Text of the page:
Health care is a highly technical field from the mathematics of health statistics, anatomy and physiology, physics of health care equipment, to the chemistry of dosage. Science Technology Engineering and Maths (STEM) education is a fundamental pillar of aspiring to be and then becoming a doctor.
February 11th is International Day of Women and Girls in Science. To mark this, we would like to celebrate the story of Dame Professor Sarah Gilbert, a professor of vaccinology who led the development of the Oxford-AstraZeneca vaccine in early 2020. 2 billion doses of the vaccine had been administered worldwide by November 2021, potentially saving many millions of lives.
Sarah’s journey, which culminated in being awarded Dame Commander of the Most Excellent Order of the British Empire (DBE), for services to Science and Public Health, started at Kettering High School for Girls, where Sarah was a pupil when she decided she wanted to be a scientist. From there she got a Batchelor in biological sciences from the University of East Anglia, before working on many disease targets including Ebola, Malaria, and seasonal flu. Her work has directly influenced the lives of all of us in the UK through the roll out of the COVID-19 vaccine program.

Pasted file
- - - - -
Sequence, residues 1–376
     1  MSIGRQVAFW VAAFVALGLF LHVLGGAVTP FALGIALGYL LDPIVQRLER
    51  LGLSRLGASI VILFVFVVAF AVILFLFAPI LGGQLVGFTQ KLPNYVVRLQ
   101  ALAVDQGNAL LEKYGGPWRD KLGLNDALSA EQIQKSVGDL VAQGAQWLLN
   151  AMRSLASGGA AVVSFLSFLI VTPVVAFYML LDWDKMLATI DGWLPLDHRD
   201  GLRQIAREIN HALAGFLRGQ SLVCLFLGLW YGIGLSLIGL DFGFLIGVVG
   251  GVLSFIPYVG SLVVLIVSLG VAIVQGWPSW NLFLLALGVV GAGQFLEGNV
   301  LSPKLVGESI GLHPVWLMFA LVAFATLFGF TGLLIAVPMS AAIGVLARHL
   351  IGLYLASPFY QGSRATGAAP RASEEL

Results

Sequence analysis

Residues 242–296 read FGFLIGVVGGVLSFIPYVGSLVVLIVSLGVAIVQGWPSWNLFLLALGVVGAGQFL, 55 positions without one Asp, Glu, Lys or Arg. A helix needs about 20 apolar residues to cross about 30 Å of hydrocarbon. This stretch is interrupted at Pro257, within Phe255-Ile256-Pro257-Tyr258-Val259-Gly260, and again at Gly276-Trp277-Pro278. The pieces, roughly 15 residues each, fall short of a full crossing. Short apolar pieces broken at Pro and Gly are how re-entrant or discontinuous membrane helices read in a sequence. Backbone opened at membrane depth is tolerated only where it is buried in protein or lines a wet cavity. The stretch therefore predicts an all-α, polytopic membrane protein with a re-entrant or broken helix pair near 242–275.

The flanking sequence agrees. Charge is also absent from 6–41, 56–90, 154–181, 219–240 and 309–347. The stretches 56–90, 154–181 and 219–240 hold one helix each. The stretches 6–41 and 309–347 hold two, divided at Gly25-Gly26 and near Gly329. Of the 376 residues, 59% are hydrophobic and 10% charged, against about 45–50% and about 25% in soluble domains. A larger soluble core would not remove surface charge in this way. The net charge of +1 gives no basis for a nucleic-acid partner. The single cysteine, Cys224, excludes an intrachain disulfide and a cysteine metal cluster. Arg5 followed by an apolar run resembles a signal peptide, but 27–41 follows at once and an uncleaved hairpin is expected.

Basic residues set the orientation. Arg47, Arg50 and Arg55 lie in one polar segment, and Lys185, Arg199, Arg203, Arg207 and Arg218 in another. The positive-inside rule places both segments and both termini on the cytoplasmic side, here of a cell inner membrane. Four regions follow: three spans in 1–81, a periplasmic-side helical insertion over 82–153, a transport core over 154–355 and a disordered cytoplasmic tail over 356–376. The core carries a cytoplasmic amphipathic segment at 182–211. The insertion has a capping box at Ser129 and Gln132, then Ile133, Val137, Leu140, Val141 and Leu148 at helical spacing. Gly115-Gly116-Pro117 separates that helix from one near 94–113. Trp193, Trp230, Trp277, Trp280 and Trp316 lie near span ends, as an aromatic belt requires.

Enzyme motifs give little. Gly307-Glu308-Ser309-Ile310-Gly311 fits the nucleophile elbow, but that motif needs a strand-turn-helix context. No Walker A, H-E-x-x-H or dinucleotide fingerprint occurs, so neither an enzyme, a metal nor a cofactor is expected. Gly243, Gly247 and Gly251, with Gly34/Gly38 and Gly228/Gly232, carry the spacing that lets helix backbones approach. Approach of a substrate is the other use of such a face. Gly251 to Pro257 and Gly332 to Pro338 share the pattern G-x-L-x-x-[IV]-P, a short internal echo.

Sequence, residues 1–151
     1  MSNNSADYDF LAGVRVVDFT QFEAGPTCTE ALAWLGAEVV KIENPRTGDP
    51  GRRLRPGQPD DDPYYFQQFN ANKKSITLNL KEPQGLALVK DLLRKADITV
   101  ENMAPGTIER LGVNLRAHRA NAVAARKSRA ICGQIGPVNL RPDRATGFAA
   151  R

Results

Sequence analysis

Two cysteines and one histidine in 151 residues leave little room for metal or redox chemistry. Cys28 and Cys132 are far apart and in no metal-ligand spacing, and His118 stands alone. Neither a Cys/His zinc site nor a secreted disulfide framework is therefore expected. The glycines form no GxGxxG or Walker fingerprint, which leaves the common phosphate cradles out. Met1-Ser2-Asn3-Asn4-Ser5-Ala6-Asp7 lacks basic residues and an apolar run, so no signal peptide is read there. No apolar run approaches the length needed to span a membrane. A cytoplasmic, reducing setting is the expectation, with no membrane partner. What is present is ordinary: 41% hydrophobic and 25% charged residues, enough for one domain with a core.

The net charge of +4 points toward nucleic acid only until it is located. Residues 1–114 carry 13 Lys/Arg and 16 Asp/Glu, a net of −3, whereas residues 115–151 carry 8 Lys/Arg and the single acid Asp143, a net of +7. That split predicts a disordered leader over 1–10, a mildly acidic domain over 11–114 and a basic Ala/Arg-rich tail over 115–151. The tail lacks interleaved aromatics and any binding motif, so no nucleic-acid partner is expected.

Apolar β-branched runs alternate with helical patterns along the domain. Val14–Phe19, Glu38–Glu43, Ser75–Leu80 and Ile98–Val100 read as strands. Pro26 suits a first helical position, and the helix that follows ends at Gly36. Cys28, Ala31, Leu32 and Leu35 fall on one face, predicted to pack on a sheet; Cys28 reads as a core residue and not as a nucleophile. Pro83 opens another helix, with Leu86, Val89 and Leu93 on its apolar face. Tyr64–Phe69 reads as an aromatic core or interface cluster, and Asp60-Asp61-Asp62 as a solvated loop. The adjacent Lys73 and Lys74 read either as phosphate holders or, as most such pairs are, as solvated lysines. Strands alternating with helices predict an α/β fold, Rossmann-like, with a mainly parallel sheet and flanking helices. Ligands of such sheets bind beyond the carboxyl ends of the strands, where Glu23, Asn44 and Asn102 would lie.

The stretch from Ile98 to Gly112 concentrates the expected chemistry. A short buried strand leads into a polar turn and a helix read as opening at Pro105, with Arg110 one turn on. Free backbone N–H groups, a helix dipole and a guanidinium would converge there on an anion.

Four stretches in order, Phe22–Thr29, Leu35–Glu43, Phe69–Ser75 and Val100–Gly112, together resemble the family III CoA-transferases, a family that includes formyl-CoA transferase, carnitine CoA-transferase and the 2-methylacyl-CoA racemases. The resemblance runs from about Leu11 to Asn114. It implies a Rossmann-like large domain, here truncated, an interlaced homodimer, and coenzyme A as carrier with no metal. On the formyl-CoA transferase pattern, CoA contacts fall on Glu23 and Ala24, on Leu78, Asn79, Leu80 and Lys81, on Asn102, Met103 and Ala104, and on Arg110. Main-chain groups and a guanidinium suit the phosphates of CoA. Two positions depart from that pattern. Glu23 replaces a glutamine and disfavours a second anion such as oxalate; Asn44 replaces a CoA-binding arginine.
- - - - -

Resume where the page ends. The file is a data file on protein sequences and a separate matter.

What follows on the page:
In 2020, in general practice, 56% of doctors are women, rising to 89% of nurses. 61% of pharmacists, 51% of dentists, and 55% of optometrists are also women, and without all those women, the primary care system simply could not function. Encouraging women and girls into health-related fields is a battle of STEM in education, one which is making steady progress. In 2020 the number of girls taking core STEM subjects at A-level exceeded the number of boys at 51% for the second year running.
Programs such as The Stemettes, WISE and Stem.org have a range of resources and information for someone considering a career in STEM. So, if you know someone interested in a STEM subject, why not sit down with them, and learn something new? Everyone can benefit from a bit more STEM in their lives!
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